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131st Bomb Wing Citizen-Airman is first responder

Missouri Air National Guard Senior Master Sgt. Sheldon G. Matthews serves as the 131st Bomb Wing first sergeant for wing staff at Whiteman Air Force Base, Missouri.  Matthews was recently the first responder to a serious car accident October 11, 2014.  “I credit everything I did and my reaction to the things I have learned in the military through Self Aid and Buddy Care and emergency response training,” Matthews said.  “It’s not in me to just stand around and watch; I didn’t even think about it, I just went.”  (U.S. Air National Guard photo by Tech. Sgt. Traci Payne)

Missouri Air National Guard Senior Master Sgt. Sheldon G. Matthews serves as the 131st Bomb Wing first sergeant for wing staff at Whiteman Air Force Base, Missouri. Matthews was recently the first responder to a serious car accident October 11, 2014. “I credit everything I did and my reaction to the things I have learned in the military through Self Aid and Buddy Care and emergency response training,” Matthews said. “It’s not in me to just stand around and watch; I didn’t even think about it, I just went.” (U.S. Air National Guard photo by Tech. Sgt. Traci Payne)

SAINT LOUIS, Missouri -- A Missouri Air National Guardsman from the 131st Bomb Wing was the first responder on the scene of a serious car accident Oct. 11, 2014.

While traveling back to his house after a leisurely day spent with his girlfriend, Senior Master Sgt. Sheldon G. Matthews, the 131st Bomb Wing staff first sergeant, watched as a horrible accident unfolded right in front of him.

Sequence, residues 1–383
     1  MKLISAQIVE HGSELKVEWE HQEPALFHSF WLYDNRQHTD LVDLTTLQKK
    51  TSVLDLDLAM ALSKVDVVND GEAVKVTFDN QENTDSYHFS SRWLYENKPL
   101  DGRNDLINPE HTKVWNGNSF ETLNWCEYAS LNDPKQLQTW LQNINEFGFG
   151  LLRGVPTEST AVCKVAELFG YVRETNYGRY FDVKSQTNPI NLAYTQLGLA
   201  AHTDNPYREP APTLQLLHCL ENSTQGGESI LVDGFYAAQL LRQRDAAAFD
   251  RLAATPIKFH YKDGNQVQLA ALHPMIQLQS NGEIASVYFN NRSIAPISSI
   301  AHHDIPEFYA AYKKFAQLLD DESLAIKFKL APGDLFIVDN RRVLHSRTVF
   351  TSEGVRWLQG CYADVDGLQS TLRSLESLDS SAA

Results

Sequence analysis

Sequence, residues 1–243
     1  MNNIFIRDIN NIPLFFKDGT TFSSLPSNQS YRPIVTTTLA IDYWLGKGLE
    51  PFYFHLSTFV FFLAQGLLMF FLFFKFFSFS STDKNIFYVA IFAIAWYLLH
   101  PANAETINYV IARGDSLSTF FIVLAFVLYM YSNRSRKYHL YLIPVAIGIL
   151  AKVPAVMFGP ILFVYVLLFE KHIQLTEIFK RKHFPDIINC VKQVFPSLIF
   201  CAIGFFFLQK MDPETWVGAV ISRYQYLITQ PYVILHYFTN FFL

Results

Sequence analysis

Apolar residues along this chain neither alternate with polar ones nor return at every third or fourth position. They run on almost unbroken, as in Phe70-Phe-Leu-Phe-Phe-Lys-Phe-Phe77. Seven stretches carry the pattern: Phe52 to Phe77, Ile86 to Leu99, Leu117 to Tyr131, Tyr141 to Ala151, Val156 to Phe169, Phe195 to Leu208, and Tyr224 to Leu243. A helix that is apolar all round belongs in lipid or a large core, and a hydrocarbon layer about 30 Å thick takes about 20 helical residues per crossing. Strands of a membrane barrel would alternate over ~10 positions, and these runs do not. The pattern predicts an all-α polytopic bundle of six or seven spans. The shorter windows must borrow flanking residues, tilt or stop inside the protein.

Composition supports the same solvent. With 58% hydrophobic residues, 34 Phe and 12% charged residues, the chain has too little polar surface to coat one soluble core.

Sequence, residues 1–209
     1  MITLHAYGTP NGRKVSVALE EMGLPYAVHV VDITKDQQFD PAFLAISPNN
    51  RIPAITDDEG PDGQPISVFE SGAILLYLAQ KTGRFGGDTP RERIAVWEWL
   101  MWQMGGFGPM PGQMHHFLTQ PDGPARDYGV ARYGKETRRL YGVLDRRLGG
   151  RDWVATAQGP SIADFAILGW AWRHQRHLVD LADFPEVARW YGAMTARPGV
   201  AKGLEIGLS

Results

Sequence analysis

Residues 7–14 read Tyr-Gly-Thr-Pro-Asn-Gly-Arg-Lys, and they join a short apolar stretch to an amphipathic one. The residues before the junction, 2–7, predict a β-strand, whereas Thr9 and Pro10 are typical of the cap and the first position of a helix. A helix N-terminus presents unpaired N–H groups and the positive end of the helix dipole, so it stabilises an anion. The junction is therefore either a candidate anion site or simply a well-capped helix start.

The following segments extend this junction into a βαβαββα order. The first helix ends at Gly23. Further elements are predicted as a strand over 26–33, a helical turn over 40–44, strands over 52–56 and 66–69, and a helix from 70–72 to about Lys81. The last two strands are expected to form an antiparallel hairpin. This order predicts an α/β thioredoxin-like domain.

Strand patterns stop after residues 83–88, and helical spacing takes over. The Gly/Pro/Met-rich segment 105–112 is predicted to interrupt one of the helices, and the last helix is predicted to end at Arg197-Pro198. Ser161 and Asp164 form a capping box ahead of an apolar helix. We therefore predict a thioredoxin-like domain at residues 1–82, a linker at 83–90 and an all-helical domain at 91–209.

Matthews was driving down I-270 immediately east of the Illinois Route 157 exit when he noticed smoke filling the air and all of the cars in front of him pulling off to the side of the road..  He said he just assumed it was the result of a disabled vehicle, but as he got closer, he saw that a small Chrysler had rear-ended a semi-truck.  The airbags had deployed and the driver was still in the car.

Matthews began to react.  He knew he couldn't stop in the middle of traffic and risk safety to himself and others, so he pulled his car over in front of the semi-truck and rushed back to the victim.  When Matthews reached the vehicle, the driver did not appear to be conscious, but he was breathing and had a pulse. 

"It was a horrible scene to walk up on, but when I realized that he was still alive, it was a huge relief," Matthews said.

Two other motorists stopped to offer assistance and Matthews said they realized that there was no way to get the victim out of the vehicle.  The whole front of the car was crushed underneath the semi. 

One of their biggest concerns was that the car would catch fire before emergency personnel responded, so they retrieved fire extinguishers from other semi-trucks.  One of the helpers, an off-duty EMT, attended to the victim while Matthews and the other took control of the traffic situation.  They ensured the scene was safe and kept traffic moving.

Matthews, who has no background in medical services or emergency response said that his quick thinking and response is a direct result of the experience he has gained in the military. He was able to act calmly, work in sync with the other two on the scene and control the situation. 

"It was chaotic, but it was maintained and controlled," Matthews said.  "It was like organized chaos, really."

Emergency personnel responded within 20 minutes and the victim was conscious and talking when the ambulance took him away.

"I credit everything I did and my reaction to the things I have learned in the military through Self Aid and Buddy Care and emergency response training," Matthews said.  "It's not in me to just stand around and watch; I didn't even think about it, I just went."